Syrian conflict is the world's first 'climate change war', say scientists, but it won't be the last one

Climate change key in Syrian conflict

And it will trigger more war in future
How I outwitted the Gestapo

How I outwitted the Gestapo

My life as a Jew in wartime Berlin
The nation's favourite animal revealed

The nation's favourite animal revealed

Women like cuddly creatures whilst men like creepy-crawlies
Is this the way to get young people to vote?

Getting young people to vote

From #VOTESELFISH to Bite the Ballot
Poldark star Heida Reed: 'I don't think a single bodice gets ripped'

Poldark star Heida Reed

'I don't think a single bodice gets ripped'
The difference between America and Israel? There isn’t one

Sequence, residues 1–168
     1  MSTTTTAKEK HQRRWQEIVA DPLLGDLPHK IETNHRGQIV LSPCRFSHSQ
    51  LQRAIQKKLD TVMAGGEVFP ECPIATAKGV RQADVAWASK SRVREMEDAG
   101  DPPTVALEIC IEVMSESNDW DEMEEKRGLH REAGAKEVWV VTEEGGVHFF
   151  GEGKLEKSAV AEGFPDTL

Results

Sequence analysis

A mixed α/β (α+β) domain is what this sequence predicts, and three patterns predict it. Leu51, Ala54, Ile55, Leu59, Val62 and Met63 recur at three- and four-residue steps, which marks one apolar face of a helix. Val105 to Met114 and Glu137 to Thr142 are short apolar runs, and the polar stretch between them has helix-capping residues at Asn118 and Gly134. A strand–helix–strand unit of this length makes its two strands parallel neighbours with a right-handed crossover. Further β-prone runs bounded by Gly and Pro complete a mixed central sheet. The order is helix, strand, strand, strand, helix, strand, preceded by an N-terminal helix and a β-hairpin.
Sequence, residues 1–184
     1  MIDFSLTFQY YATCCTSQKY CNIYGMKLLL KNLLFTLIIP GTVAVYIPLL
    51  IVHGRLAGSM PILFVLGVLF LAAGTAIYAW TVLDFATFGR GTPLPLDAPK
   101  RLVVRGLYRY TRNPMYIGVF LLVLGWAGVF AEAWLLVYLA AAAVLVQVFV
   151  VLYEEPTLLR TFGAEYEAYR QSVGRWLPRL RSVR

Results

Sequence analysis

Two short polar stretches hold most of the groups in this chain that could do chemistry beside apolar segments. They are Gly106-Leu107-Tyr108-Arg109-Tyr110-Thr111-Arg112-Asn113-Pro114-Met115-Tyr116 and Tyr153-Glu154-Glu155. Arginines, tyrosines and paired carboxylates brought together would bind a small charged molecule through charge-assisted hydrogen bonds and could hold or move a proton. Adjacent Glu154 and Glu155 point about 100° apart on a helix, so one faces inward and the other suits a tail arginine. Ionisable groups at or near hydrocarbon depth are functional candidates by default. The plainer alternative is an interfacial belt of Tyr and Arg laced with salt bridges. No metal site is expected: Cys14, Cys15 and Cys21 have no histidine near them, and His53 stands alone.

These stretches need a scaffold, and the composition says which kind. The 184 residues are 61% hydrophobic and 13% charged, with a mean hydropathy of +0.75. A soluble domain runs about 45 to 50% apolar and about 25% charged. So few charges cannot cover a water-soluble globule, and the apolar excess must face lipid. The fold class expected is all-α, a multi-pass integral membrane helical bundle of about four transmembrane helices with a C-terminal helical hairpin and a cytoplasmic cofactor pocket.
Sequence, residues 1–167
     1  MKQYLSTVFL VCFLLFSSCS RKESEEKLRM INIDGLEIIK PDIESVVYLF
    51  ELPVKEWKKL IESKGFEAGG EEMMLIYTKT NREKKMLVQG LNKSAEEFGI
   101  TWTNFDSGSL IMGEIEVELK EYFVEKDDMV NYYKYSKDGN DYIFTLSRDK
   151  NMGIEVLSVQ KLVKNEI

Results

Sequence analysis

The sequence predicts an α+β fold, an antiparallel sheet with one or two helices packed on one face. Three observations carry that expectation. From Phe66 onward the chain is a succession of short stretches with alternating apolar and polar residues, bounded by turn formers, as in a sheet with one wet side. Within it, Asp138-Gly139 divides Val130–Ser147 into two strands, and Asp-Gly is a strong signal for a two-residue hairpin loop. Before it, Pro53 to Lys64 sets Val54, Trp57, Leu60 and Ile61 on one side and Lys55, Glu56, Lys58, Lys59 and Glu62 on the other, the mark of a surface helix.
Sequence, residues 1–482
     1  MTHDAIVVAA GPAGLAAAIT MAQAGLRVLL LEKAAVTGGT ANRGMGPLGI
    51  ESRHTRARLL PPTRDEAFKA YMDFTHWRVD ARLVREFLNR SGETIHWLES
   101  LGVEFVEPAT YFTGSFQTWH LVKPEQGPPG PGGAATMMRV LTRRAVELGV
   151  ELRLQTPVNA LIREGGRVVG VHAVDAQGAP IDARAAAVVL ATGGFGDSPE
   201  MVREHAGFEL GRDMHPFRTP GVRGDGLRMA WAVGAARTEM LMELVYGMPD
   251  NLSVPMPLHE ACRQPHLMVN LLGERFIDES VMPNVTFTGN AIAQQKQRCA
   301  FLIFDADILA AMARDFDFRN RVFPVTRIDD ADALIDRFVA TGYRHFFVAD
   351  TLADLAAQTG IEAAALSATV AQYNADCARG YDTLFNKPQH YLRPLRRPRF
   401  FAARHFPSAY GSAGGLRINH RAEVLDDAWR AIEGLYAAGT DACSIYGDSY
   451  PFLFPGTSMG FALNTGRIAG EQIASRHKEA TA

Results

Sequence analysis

The difference between America and Israel? There isn’t one

Netanyahu knows he can get away with anything in America, says Robert Fisk
Families clubbing together to build their own affordable accommodation

Do It Yourself approach to securing a new house

Community land trusts marking a new trend for taking the initiative away from developers
Head of WWF UK: We didn’t send Cameron to the Arctic to see green ideas freeze

David Nussbaum: We didn’t send Cameron to the Arctic to see green ideas freeze

The head of WWF UK remains sanguine despite the Government’s failure to live up to its pledges on the environment
Author Kazuo Ishiguro on being inspired by shoot-outs and samurai

Author Kazuo Ishiguro on being inspired by shoot-outs and samurai

Set in a mythologised 5th-century Britain, ‘The Buried Giant’ is a strange beast